These are very mathematically focused problems, and I was thinking about using them as practice problems for C#. Many people have done that; here's one example: http://www.mathblog.dk/project-euler-solutions/.
When I was looking at the problems, though, I always felt that my C# solutions would be a bit of a mess -- lots of if/else, while, switch, and so on. The solution is not functional or elegant (which always makes me think of this song).
But these seem like a great place to start using functional programming. Since I'm learning functional programming with Haskell, that's the language I'll use for my solutions.
Now, I'm not going to blog about all of the Euler problems (there are a lot of solutions out there). I'm just going to go over my thinking to solve the first problem. This will show how learning about functional programming will let you start to think a bit differently if you come from the OO world.
Euler Problem #1
Here's the first problem:
This doesn't sound that hard. We'll start by trying to replicate the sample: the natural numbers below 10.If we list all the natural numbers below 10 that are multiples of 3 or 5, we get 3, 5, 6 and 9. The sum of these multiples is 23. Find the sum of all the multiples of 3 or 5 below 1000.
What I found myself doing immediately was breaking this problem down into different parts. We need the natural numbers below a certain value. We need to find the ones that are multiples of 3. We need to find the ones that are multiples of 5. We need to sum things up.
This is a great place to use a list in Haskell.
First, let's get a list of all the natural numbers less than 10. We'll use a list comprehension with a range:
[x | x <- [1..9]]And here's the output
[1,2,3,4,5,6,7,8,9]That's a good start. Now we need to filter things a bit. Let's add the modulo function (mod) to get the values evenly divisible by 3:
[x | x <- [1..9], mod x 3 == 0]The "mod" function takes 2 parameters. This may look a little strange, so we'll change this to use infix notation by using a backtick around the function name:
[x | x <- [1..9], x `mod` 3 == 0]This seems a little less strange. And here's the output:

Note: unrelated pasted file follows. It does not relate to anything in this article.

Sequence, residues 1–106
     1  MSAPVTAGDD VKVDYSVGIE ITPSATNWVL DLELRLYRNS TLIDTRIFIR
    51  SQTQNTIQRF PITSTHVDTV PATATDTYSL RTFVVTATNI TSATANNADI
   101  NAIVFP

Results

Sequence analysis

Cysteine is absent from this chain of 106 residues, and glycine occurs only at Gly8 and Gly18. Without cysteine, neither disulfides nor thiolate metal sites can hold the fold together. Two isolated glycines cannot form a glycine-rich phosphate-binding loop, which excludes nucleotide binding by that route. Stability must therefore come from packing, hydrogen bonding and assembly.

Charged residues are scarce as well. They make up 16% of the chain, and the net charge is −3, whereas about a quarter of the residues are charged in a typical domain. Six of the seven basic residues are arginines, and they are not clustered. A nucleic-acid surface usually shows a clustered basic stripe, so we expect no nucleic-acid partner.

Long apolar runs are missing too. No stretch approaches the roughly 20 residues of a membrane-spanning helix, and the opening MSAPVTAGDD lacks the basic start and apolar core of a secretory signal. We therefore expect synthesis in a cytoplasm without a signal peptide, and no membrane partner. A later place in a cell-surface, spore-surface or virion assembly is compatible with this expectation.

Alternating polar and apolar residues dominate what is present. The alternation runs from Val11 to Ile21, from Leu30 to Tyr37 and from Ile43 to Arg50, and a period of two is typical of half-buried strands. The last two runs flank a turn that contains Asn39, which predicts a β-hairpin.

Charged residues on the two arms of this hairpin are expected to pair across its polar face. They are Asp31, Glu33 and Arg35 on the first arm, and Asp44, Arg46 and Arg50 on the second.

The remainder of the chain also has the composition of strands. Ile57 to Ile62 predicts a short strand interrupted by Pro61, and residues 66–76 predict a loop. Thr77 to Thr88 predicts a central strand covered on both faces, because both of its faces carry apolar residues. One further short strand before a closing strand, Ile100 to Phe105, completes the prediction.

[3,6,9]And since we want multiples of 5 along with multiples of 3, we can "or" these together with "||". Here's how that looks:
[x | x <- [1..9], x `mod` 3 == 0 || x `mod` 5 == 0]And here's the output:
[3,5,6,9]Success! This matches the list from the sample. Now we just have to sum these numbers. Fortunately, we can just pass a list to the "sum" function.
sum [x | x <- [1..9], x `mod` 3 == 0 || x `mod` 5 == 0]And the output:
23This matches the sample case. Now we just need to swap out the "below 10" for "below 1000":
sum [x | x <- [1..999], x `mod` 3 == 0 || x `mod` 5 == 0]And the answer:
233168Note: I've verified this is correct by looking at the answer to Euler Problem #1.
Making a Reusable Function
The last thing that I want to do is create a reusable function. (I'm not really sure what use I would have for this, but anyway...) So, let's parameterize this with the "below this number" value (ignore any line breaks you might see).
euler1 belowThis = sum [x | x <- [1..(belowThis-1)], x `mod` 3 == 0 || x `mod` 5 == 0]Basically, we created a named function "euler1" with a parameter for our "belowThis" number. Since ranges are inclusive, we subtract one from the value before creating our original list.
Now we can use this function with the sample:
euler1 10Or with the target value:
euler1 1000That's pretty cool.
To create this function, we just started with the inside and worked our way out. And this is a big difference between thinking functionally and thinking procedurally. If I were to try this with C#, I would probably just "brute force" it. You can see an example of that here: http://www.mathblog.dk/project-euler-problem-1/.
But instead, we have something functional and elegant. And also a good way to stretch a bit to learn functional programming. And I'm already starting to see how I can use these techniques to make my everyday programming (in C#) much better.
I'll leave the rest of the Euler Problems as an exercise for the reader.